For reasons that elude me, the U.S. Mint will issue a commemorative quarter for D.C. and the U.S. territories to go along with the quarters that have been issued for each of the 50 states.
Mayor Fenty asked residents to propose designs. And now, says the Post, here are the finalists:
Yesterday, the District submitted three ideas for its quarter, part of a popular program that has produced coins representing each of the 50 states. One would feature the three stars and two bars of the D.C. flag; another would portray Benjamin Banneker, the 18th-century abolitionist who helped survey the city; and another would depict jazz great Duke Ellington, a D.C. native.As the Post article notes, it's far from clear that the Mint will allow the slogan, because it doesn't allow "controversial subjects" on coins.
Each design would include the inscription "Taxation Without Representation" or "No Taxation Without Representation."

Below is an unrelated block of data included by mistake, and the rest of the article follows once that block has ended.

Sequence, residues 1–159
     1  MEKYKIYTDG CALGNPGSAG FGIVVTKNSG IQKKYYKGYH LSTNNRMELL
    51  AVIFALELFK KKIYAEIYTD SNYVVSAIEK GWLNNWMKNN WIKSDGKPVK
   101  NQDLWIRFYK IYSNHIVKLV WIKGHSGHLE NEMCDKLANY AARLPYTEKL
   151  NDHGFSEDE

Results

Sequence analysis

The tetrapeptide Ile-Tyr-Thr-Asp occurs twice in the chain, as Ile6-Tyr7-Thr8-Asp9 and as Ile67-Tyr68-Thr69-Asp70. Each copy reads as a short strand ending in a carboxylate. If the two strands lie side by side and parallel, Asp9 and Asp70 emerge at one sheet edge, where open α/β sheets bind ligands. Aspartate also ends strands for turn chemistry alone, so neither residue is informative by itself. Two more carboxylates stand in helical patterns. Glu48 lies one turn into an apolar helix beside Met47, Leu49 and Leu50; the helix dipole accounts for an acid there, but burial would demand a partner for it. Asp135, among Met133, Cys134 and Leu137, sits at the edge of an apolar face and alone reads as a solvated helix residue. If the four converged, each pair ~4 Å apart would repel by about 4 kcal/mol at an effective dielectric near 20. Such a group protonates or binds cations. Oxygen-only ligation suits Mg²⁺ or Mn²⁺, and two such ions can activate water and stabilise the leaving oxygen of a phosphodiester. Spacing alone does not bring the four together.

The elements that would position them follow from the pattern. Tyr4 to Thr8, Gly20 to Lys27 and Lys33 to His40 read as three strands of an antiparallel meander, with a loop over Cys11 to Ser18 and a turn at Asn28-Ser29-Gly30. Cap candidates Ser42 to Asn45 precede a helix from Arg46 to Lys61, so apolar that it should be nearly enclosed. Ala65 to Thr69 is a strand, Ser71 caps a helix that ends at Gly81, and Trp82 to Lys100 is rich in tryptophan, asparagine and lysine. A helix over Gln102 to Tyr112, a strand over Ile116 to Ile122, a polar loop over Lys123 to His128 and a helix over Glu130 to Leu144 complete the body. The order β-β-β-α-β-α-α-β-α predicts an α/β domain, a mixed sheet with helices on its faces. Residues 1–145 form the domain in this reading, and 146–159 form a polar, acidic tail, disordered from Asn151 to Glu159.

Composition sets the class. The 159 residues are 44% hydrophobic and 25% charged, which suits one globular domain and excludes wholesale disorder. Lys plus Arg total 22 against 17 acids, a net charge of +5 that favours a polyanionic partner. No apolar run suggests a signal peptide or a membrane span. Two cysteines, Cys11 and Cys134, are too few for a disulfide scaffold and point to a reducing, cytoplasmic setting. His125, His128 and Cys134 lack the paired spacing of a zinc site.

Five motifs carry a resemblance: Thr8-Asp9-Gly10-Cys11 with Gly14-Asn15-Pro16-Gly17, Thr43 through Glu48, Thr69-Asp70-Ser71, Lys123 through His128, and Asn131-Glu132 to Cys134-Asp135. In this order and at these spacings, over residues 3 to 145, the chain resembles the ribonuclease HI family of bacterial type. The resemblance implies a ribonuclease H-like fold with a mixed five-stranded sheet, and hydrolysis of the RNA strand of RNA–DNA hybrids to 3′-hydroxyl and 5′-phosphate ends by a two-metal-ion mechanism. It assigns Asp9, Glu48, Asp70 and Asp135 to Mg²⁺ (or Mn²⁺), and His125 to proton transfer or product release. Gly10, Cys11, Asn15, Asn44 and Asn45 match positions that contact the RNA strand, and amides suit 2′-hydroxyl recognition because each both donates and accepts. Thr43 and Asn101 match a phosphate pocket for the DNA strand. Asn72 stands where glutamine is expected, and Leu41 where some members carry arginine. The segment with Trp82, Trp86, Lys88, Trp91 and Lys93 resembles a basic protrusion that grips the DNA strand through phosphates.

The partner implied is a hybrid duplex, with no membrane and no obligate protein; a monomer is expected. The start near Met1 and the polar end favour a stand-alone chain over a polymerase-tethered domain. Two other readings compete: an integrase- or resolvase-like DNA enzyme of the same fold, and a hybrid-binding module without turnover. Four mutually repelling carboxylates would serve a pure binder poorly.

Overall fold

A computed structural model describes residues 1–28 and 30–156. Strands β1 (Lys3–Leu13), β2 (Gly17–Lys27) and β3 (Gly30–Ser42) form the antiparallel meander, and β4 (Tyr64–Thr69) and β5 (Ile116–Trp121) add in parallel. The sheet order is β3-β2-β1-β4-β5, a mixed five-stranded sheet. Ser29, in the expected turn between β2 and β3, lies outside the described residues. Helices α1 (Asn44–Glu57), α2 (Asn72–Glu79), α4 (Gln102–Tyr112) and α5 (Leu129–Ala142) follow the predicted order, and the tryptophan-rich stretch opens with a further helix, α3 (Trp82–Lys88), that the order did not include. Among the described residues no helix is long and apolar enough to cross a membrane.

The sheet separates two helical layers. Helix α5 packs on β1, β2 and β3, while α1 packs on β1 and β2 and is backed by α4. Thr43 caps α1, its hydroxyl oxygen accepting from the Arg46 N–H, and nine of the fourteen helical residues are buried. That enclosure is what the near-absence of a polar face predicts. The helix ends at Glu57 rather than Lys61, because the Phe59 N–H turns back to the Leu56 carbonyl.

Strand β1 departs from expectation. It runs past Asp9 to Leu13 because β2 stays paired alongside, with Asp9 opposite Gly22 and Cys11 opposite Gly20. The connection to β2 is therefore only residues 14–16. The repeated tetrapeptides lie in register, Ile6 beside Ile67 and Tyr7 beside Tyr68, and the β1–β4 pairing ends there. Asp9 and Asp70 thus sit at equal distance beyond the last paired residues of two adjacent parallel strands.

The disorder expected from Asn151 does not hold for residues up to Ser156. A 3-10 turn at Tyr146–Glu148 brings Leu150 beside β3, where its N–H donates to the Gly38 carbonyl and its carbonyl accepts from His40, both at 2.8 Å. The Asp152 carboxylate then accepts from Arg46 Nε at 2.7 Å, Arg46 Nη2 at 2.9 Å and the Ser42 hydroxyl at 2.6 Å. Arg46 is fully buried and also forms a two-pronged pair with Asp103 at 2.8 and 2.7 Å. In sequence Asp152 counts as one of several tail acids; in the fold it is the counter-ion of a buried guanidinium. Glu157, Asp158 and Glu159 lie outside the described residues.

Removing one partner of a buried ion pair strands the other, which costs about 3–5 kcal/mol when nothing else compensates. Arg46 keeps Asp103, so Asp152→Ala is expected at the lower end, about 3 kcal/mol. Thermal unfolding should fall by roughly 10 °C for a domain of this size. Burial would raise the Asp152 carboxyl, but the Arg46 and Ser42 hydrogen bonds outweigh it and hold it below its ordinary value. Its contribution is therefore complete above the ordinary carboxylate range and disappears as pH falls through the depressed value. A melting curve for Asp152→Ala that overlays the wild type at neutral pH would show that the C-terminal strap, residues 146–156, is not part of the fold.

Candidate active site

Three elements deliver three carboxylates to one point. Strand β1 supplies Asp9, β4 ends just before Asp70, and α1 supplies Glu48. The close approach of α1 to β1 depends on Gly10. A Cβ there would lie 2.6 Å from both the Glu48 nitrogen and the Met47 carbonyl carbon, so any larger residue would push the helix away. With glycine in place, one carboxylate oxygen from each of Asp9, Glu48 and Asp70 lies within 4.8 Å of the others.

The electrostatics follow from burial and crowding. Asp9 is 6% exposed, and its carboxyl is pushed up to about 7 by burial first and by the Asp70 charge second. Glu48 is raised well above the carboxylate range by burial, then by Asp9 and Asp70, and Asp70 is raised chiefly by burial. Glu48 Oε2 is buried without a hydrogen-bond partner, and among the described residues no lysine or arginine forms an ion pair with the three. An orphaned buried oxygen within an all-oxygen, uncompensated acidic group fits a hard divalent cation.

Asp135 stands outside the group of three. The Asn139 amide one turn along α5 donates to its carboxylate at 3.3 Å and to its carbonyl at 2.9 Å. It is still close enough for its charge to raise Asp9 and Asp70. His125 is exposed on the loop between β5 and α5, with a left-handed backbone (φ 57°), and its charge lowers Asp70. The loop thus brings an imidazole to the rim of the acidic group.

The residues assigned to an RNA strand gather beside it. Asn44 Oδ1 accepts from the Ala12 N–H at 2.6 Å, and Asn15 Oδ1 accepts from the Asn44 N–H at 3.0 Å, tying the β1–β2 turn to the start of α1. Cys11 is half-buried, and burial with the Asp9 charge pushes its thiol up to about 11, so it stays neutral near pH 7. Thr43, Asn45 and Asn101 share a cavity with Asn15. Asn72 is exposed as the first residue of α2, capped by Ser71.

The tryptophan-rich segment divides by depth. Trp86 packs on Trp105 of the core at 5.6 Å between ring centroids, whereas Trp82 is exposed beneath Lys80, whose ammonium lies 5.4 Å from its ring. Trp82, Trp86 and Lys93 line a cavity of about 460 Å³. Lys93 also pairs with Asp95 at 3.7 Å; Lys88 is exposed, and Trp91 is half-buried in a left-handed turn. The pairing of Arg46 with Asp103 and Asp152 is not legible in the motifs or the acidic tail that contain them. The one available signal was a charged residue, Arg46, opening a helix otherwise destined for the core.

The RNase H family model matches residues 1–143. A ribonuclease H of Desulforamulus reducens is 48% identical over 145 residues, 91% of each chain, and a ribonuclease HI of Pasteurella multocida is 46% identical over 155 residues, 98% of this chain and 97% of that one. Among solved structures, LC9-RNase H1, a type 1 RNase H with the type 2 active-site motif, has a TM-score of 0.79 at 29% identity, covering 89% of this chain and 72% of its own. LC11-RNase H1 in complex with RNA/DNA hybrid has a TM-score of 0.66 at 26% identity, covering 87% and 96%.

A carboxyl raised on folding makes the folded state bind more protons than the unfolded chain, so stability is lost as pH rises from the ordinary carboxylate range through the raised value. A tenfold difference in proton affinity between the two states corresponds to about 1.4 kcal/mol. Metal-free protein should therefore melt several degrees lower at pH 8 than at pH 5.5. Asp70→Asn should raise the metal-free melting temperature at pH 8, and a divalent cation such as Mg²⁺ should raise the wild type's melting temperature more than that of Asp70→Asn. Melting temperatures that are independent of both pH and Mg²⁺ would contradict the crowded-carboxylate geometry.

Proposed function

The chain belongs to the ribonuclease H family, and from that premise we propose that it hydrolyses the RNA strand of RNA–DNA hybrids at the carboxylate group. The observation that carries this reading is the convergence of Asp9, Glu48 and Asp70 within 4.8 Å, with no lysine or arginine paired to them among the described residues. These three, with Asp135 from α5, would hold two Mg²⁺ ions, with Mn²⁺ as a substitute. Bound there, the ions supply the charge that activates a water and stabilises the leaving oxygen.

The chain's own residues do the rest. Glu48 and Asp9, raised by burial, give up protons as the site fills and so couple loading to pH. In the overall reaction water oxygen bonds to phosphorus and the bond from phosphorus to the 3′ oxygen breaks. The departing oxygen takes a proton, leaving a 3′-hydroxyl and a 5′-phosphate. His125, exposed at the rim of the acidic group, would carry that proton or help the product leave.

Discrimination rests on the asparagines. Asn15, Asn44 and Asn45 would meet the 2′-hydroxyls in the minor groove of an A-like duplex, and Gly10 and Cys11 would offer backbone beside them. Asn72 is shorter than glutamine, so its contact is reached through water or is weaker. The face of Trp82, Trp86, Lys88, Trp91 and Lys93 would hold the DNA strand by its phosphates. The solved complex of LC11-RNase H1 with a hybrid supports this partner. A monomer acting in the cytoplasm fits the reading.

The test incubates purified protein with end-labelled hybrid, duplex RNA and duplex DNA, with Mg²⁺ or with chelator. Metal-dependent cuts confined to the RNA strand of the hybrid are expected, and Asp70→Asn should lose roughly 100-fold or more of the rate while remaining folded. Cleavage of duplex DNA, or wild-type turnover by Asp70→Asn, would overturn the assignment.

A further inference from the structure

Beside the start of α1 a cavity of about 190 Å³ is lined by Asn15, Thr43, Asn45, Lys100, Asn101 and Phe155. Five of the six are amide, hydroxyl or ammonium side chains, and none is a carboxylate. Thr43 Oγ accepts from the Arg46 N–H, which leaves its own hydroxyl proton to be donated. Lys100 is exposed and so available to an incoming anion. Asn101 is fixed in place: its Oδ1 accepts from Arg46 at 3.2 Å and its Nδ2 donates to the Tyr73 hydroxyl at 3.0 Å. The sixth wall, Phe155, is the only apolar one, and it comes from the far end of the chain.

So which designs were the also-rans?
In addition to monuments, birds and flowers, there were calls for exploding manhole covers and red-light cameras. One person suggested a picture of Alexander "Boss" Shepherd, the 19th-century public works czar, eating a hot dog from Ben's Chili Bowl, a well-known restaurant. Another sent a drawing of a subway escalator, apparently aimed at educating clueless tourists. "Step to the Right on Metro Escalators," the motto read.I offered my own design over a year ago, and since it beats the crap out of all these other things, I'm going to show it to you here again.
Scott and her team did not limit themselves to the e-mails, calls and letters from residents. They checked out local blogs that solicited ideas, which ran from the serious to the sarcastic.
The suggestions included making use of such potential D.C. symbols as a rat and a crack pipe. One blogger called for commemorating a takeout joint called Fish N Stuff.
"People were definitely into this," Scott said.